Car signs, other than clings and magnets, are applied with an adhesive in order to stick to the vehicle. Customers are often confused as to whether adhesive based products can be removed or not. It is important to know that adhesive signs are removable but are not reusable. Most car owners can be reluctant to place a decal on their car because they are afraid it might damage the paint on the cart. There are adhesives that are crafted specially to not rip or disrupt car paint yet still hold strong. Car decals can be removed by heating the decal with a hair dryer or another heat source and gently peeling off the material.
Decals have become very popular among both small businesses and personal consumers. Since these car window decals are printed in a rectangular shape, you have to trim away the edges for a custom fit on your window. They’re a great choice for most vehicles, but some have a rear window shape that can cause a lot of difficulty in both design and installation. Here’s my picks for the 5 worst vehicles for using car window decals:
Decals are popular for businesses and for car owners decorating their car. Most car decals are cut in rectangular shapes to fit windows in order to fill out the car and help the overall design. Still not all cars are designed to fit decals well. Their shape causes issues for installation and for visibility. Below a few vehicles that are not recommended for car decals:
Worst Overall: Volvo C30
The circular window shape combined with a large rear wiper and door handle causes major issues when a car owner installs the decal. There is a small space above the rear wiper but if you are going to try and apply a decal to this car it is best to try a centerpiece decal. Either way, decals are not recommended for this car.
Worst Truck: Trucks with sliding rear windows
Many pickup trucks have a sliding rear window. The design is useful for a truck owner but it can be an issue if the truck owner wants to apply window graphics. The space that comes in between the windows when the sliding window is used creates a gap in the graphics. The pieces would also need to be ordered in three pieces to fit the individual windows properly.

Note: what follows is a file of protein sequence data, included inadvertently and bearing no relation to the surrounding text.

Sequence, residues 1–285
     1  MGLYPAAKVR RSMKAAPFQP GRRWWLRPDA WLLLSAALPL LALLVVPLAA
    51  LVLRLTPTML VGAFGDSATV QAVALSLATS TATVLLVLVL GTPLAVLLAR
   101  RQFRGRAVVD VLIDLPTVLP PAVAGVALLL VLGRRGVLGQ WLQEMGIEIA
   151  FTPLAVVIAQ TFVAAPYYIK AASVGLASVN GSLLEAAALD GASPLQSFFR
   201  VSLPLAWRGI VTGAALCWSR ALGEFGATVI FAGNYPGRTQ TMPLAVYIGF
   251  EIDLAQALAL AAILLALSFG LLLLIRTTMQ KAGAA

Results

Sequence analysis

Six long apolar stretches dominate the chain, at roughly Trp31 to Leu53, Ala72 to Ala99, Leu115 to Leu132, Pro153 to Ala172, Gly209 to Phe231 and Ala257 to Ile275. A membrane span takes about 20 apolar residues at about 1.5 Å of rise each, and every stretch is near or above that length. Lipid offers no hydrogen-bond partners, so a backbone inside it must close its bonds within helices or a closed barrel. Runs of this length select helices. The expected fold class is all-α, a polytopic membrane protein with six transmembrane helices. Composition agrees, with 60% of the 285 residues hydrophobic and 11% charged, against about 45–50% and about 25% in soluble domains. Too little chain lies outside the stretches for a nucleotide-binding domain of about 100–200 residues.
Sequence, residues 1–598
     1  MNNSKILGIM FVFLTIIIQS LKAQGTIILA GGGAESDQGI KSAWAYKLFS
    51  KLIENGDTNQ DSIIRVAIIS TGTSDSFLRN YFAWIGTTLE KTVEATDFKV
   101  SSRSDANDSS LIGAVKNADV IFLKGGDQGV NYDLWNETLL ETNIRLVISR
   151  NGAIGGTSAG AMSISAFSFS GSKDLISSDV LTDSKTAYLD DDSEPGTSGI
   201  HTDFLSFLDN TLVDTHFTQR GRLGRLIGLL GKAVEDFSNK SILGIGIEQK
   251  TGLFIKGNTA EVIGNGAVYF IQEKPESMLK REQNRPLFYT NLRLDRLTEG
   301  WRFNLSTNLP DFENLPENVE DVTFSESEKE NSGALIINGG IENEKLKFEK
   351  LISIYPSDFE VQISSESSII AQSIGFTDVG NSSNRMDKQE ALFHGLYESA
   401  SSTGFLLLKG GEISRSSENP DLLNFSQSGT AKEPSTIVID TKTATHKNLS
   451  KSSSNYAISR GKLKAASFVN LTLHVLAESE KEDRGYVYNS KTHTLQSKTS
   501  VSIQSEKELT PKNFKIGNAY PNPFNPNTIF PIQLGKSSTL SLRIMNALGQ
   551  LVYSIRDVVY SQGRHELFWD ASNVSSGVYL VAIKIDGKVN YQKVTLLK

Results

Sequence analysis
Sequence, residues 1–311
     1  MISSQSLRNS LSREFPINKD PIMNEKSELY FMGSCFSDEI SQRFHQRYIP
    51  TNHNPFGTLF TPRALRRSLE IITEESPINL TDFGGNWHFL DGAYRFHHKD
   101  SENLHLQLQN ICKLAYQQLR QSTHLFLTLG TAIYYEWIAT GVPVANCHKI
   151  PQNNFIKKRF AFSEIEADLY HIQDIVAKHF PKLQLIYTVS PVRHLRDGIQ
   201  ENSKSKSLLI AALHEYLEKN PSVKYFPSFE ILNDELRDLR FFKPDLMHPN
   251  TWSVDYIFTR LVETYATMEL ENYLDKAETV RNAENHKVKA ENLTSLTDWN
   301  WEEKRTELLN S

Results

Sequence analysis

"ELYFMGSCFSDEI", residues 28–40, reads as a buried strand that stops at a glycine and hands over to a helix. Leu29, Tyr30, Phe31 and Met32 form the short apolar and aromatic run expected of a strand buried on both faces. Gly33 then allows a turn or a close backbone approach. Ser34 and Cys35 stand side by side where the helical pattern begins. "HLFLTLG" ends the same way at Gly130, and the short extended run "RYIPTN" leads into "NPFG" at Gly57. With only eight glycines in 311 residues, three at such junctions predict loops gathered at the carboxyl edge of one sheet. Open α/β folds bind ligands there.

Worst SUV/Crossover: Nissan Murano
Nissan models present a challenge when ordering car window decals. The popular Murano looks great but the shape of the rear window is hard to define and doesn’t leave much advertising space. It is not the best choice to use as an advertising vehicle.
Worst Larger Car: Chevrolet Corvette
It’s hard to imagine many people advertising on their Corvette, but it is a popular car for personal car graphics and customization. However, the rear window’s wedge shape and extreme slant could cause serious visibility problems. Rear window graphics are not recommended if a Corvette is your daily driver.
It is hard to see advertising working on a Corvette unless for special circumstances. The issue for long term signage is the rear window’s wedge shape and the angle that the window slants at already causes visibility issues without a decal. Corvettes are a great around town vehicle, it should stay that way.
Worst Small Car: Mini Clubman
A small vehicle is not build for a large decal. It is recommended a small vehicle owner should apply a centerpiece rear window. The only issue with this car model is the split rear down and the two rear wipers than could potentially lift the decal off the window. A Mini Clubman owner is better off with a car door decal or a car magnet.Related search terms: split sliding window decals, adhesive used to hold decals to trucks, how to stay away from adhesive people, window decals for back sliding truck windows